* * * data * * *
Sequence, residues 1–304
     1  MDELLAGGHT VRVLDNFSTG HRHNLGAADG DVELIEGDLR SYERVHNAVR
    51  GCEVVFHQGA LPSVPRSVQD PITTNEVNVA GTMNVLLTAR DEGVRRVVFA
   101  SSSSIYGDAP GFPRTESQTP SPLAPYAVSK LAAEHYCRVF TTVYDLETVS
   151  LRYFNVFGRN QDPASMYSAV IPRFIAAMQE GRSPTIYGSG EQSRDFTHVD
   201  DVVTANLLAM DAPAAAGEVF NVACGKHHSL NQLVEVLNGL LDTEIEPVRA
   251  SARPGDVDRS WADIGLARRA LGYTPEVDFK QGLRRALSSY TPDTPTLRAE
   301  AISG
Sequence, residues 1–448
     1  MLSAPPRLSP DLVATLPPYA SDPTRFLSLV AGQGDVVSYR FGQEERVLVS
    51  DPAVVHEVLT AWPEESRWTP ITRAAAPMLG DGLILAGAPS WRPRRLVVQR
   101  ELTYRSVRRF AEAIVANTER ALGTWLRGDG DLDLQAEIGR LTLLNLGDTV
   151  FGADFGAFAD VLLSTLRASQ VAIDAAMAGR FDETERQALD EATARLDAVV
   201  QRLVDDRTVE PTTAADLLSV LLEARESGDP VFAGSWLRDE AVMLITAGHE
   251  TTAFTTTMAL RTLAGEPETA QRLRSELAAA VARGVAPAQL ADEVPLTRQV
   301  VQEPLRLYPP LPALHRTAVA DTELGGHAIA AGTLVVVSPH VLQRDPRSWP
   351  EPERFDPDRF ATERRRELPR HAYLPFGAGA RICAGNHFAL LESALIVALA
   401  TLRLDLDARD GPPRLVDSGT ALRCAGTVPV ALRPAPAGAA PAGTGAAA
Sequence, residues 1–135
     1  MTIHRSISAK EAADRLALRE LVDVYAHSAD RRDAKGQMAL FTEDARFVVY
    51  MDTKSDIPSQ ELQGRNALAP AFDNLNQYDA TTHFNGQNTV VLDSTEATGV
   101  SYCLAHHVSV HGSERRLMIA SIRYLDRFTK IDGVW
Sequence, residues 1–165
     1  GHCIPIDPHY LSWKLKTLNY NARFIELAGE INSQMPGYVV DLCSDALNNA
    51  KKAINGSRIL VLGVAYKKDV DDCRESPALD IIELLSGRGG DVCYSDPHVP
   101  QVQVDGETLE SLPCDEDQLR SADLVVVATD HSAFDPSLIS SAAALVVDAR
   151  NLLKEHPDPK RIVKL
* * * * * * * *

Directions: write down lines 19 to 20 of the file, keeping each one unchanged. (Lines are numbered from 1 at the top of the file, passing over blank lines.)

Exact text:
Sequence, residues 1–135
     1  MTIHRSISAK EAADRLALRE LVDVYAHSAD RRDAKGQMAL FTEDARFVVY